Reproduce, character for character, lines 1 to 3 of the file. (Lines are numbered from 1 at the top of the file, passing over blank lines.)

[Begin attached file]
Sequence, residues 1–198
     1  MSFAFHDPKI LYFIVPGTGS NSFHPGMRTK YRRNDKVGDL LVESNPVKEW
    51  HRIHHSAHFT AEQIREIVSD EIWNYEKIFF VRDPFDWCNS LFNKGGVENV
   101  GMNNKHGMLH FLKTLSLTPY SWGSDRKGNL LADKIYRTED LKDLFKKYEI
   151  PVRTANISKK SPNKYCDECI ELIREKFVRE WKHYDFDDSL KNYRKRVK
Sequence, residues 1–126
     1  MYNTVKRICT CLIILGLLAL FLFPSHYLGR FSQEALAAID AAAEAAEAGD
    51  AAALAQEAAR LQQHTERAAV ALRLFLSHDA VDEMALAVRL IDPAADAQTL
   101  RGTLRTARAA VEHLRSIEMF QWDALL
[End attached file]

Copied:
Sequence, residues 1–198
     1  MSFAFHDPKI LYFIVPGTGS NSFHPGMRTK YRRNDKVGDL LVESNPVKEW
    51  HRIHHSAHFT AEQIREIVSD EIWNYEKIFF VRDPFDWCNS LFNKGGVENV